Even Keels Cruising Club INC 9897603 ABN 37599776442
My first experience of sailing, apart from a brief encounter when my father bought a trailer sailer with a friend, was on Manus Island, Papua New Guinea when Peter and I were first married and he was stationed there as a young doctor in the navy.
Here, we had lessons given on Saturday mornings by one of the shipwrights in small boson dinghies. Although I enjoyed the experience it wasn’t really a passion that I felt I had to pursue. But it did spark something in Peter, a dream to do something a little adventurous before he moved onto the next stage in his career.
During our time on Manus we had our first child and also met a technician, who came to PNG to service some of the medical equipment. Over dinner one evening he told us of his plans to sail around the world with his wife and three children aged between 8 and 4 and was looking for crew for his 52’ ferro cement ketch. Ideally a doctor and a teacher, but in the real world you can’t have everything so he got a doctor and a fashion designer with a very young child.
We spent the next 6 months partially in Melbourne, where Peter completed his term in the navy and the rest in Brisbane preparing for the journey of a lifetime. We had never been to sea at this stage and I really had absolutely no experience of ocean sailing. Peter had some knowledge of navigation but my sole role at this stage was looking after our young son. I did not attempt to learn anything about the nitty gritty of navigation and sailing, was young and carefree if not a little naïve.
Below: “…a doctor and a fashion designer with a very young child” -
We set out in 1975 on our grand journey from Brisbane, heading up the Queensland coast. Along the way we broke the mast off Lady Elliott Island and had to pull into Maryborough. A beautiful job was done to the boxed wooden mast and we set off again headed for PNG.
It’s interesting to look back on those days now. There were no such things as GPS, chartplotters, satellite phones or mobiles. Our only communication was by VHF and all navigation was done with dead reckoning, coastal fixes and sextant. On approaching PNG we used an old transistor radio to pick up Port Moresby radio to have some idea that we were heading in the right direction. We did make it into Port Moresby and after a short time were anxious to be on our way.
Unfortunately, if we had had the benefit of modern technology we may not have come to grief on a reef off the coast of PNG. It was a mixture of inexperience, time constraints, lack of local charts and fatigue that led to the sinking of the yacht when it very quickly broke up after hitting the reef not far from land. All were safe on board as we were not far from villagers who came to our rescue.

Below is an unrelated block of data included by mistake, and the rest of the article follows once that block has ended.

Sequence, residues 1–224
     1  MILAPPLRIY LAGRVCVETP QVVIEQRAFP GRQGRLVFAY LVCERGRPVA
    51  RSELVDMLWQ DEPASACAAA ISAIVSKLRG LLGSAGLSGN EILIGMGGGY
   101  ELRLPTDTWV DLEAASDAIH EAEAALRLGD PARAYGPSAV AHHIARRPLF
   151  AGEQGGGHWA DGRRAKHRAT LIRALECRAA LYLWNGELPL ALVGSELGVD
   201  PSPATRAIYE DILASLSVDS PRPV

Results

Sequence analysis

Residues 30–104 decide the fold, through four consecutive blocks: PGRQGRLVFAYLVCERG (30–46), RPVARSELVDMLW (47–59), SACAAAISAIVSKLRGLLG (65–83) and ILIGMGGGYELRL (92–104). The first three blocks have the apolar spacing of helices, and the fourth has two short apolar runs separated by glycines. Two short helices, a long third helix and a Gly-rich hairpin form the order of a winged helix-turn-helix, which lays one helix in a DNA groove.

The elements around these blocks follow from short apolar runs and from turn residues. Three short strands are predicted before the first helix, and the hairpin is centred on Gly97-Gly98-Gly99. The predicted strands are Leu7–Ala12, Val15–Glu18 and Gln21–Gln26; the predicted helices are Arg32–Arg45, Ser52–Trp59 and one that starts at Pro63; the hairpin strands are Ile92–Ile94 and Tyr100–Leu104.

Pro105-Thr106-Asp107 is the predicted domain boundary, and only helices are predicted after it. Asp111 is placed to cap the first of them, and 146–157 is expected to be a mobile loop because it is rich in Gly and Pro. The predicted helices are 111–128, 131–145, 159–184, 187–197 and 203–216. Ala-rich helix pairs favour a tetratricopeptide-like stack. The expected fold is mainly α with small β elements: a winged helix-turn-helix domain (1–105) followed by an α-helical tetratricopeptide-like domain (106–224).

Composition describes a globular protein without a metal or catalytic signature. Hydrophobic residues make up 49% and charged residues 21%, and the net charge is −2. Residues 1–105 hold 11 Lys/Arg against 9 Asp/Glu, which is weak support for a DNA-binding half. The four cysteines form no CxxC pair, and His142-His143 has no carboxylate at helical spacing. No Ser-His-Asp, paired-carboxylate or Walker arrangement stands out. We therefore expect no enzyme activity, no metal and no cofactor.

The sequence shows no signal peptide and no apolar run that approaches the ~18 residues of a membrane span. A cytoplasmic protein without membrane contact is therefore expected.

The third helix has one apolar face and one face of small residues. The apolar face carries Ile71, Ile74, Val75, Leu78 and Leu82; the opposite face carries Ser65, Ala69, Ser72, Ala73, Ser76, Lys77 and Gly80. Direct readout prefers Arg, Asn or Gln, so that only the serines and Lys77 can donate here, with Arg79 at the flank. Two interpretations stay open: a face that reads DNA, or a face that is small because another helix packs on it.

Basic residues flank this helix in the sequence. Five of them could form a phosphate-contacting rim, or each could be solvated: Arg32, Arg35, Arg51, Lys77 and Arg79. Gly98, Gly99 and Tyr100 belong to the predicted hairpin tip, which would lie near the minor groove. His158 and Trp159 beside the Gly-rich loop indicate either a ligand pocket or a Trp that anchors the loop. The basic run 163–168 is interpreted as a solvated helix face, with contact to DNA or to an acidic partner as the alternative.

Unable to continue on our journey we said farewell to the skipper and his family as they continued overland to Europe and we returned to Sydney, a little shaken but not altogether against the idea of one day sailing our own boat to places unknown.
Over the following years Peter pursued a career in Ear, Nose and Throat surgery and I got involved in raising our, by now, two children and developing a passion for and studying ceramics, working for many years as a studio potter and running a gallery and pottery supply outlet. During this time our only contact with sailing was on our holidays when we would rent a yacht with friends somewhere around the world and go cruising.
Peter, from an early stage, had taken steps for an early retirement, so, as his age of 55 approached we set about looking for a boat we could go cruising in. From our earlier experiences we decided that the main requirement should be that the boat be sturdy and hence the search for a steel vessel. We found the boat that took our fancy in Pittwater. Byamee was a round bilge steel cutter rigged yacht built in 1978 but beautifully maintained by it’s original owner who had the boat built by the well known Maas brothers in Blackwattle Bay, Sydney. NEXT PAGE >>